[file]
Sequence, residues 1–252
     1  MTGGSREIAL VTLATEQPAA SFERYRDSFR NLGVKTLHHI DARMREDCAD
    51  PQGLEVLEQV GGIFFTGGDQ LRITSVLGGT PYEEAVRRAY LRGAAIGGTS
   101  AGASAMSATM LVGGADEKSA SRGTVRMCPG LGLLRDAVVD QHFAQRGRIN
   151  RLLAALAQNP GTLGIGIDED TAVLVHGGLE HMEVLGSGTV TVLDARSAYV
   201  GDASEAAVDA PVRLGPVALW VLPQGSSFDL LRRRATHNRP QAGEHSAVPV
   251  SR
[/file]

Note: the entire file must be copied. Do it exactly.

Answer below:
Sequence, residues 1–252
     1  MTGGSREIAL VTLATEQPAA SFERYRDSFR NLGVKTLHHI DARMREDCAD
    51  PQGLEVLEQV GGIFFTGGDQ LRITSVLGGT PYEEAVRRAY LRGAAIGGTS
   101  AGASAMSATM LVGGADEKSA SRGTVRMCPG LGLLRDAVVD QHFAQRGRIN
   151  RLLAALAQNP GTLGIGIDED TAVLVHGGLE HMEVLGSGTV TVLDARSAYV
   201  GDASEAAVDA PVRLGPVALW VLPQGSSFDL LRRRATHNRP QAGEHSAVPV
   251  SR